In spirit and substance, the adventurous new documentary Queer Japan (★★★☆☆) reflects the ethos of “live and let live.” Leaving seemingly no LGBTQ+ stone unturned, the movie maps out queer scenes and spaces from Tokyo to Kyoto, Osaka to Okinawa, covering the mainstream and the underground, the artistic, erotic, and unconventional.
The film could be accused in its first half of overindulging a taste for the offbeat, focusing exclusively on sex and gender mavericks like gay manga artist Gengoroh Tagame. One of the movie’s more endearing characters, Tagame is interviewed inside a well-appointed S&M dungeon. Drag artist Margarette, an elegant vision of Priscilla-style camp and glamour, is shown hosting a leather-and-latex puppy fashion show at Tokyo’s Department H, an alt-queer nightclub for fetish, kink, and cosplay. And from pups in leather, the film segues easily to the work of artist Saeborg, who fashions body suits out of rubber to “transcend the human form” by cosplaying as various female livestock.
Director Graham Kolbeins wisely has selected artists, designers, performers, and personalities who create or produce eye-catchingly visual expressions of their queerness. For some, their most profound visual expression might be their own appearance, and Kolbeins’ camera finds beauty and wonder in them all. However, a sense starts to creep in that the film might ignore all but the most strikingly alt-queer lifestyles. Butoh artist Atsushi Matsuda seems to implicate the filmmaker, a Canadian, when lamenting foreigners’ “fascination” with exotic Japan. But, to Kolbein’s credit, he includes that light criticism, and throughout allows his subjects to address their lives, identities, and sexuality in their own terms.
Shot over three years, and adopting a TV-magazine approach to covering a broad and diverse subject, the movie assembles a compelling big-picture view from its myriad, detailed mini-portraits. Eventually, the story turns to those queer Japanese folks simply going about their quiet lives. But even the quiet ones make noise from time to time.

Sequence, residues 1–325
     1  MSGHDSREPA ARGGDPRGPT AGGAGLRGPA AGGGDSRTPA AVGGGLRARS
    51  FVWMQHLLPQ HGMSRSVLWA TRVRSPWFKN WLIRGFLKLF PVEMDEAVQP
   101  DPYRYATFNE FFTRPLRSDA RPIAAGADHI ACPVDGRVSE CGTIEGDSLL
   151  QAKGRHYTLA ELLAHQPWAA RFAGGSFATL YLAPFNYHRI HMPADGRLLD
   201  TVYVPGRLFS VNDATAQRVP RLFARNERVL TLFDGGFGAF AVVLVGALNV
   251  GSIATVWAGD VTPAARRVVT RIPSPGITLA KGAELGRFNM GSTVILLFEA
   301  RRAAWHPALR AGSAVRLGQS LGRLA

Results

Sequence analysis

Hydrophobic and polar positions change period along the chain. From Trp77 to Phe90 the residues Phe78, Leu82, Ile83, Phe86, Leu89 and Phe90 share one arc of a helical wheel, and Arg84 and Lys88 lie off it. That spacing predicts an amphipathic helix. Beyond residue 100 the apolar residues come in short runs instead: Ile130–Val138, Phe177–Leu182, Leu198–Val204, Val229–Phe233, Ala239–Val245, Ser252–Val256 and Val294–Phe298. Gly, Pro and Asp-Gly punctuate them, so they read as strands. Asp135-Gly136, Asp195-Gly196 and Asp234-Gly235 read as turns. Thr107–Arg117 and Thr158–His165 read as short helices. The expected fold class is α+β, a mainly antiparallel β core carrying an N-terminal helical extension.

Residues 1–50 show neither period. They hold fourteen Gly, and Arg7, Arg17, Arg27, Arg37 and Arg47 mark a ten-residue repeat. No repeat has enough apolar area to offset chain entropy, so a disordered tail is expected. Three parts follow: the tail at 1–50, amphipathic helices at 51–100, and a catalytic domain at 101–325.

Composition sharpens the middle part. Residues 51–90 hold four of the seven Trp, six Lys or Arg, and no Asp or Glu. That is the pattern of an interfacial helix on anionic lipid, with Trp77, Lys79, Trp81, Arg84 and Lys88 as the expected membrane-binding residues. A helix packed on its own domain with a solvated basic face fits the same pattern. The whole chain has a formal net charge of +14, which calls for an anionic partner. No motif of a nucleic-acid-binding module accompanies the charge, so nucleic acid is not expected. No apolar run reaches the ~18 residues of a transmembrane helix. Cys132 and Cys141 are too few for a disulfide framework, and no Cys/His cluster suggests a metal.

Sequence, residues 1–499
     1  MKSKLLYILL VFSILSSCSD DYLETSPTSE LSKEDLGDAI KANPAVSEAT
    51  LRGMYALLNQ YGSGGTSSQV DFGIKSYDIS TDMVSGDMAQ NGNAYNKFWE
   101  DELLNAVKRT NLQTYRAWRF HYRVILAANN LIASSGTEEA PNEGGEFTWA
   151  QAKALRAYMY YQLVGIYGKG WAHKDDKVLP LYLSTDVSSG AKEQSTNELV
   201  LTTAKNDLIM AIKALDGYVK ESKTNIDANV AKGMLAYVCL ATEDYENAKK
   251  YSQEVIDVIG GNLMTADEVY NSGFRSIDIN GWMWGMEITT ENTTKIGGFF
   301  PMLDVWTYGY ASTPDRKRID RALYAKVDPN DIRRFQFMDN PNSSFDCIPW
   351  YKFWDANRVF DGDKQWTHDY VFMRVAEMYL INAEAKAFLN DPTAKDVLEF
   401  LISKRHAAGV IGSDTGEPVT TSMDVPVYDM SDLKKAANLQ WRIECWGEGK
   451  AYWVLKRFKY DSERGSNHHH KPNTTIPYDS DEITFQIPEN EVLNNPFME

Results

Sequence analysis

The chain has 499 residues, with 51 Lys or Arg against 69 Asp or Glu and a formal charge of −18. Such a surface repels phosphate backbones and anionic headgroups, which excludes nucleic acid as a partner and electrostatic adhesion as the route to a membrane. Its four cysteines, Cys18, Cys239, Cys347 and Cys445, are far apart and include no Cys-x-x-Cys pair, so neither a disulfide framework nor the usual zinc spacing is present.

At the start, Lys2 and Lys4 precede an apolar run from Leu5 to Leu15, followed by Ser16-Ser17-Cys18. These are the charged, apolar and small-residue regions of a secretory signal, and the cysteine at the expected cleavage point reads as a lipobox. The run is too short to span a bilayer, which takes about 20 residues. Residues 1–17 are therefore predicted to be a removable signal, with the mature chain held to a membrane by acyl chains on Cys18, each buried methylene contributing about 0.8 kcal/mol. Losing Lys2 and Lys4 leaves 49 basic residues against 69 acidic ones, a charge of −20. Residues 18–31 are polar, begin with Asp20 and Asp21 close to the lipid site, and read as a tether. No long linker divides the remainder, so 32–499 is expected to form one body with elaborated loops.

Chief among interview subjects who have had an impact on the nation’s queer mainstream, trailblazing trans politician Aya Kamikawa anchors the film’s discussion of LGBTQ+ civil rights. Artist Akira the Hustler addresses the issue of Japan’s racism and discrimination, while trans sex worker Lily Taiga talks about fighting against the exploitation of her community.
Taiga also fronts rock band HIV, “the only group in Japan doing songs specifically about STIs.” As with politico Kamikawa or Akira the Hustler, or manga man Tagame, Taiga is an articulate spokesperson for her community, and for the progress of queer rights in general. But the film doesn’t spend the time with her, or any of its subjects, to generate a deep emotional response to their stories.
One could leave Queer Japan enlightened and informed about Japanese culture and language, having been thoroughly entertained but not necessarily moved. Still, it’s worth the trip to acknowledge heroes like Kamikawa and Tetsuo Onitsuka, founder of DISTA, an LGBTQ center dedicated to HIV prevention, and to join the bold exploration of every edge and corner of queer Japan.
Queer Japan is available starting Dec. 11 through Theatrical At Home and on Digital HD platforms, including Apple TV, Prime Video and Google Play.
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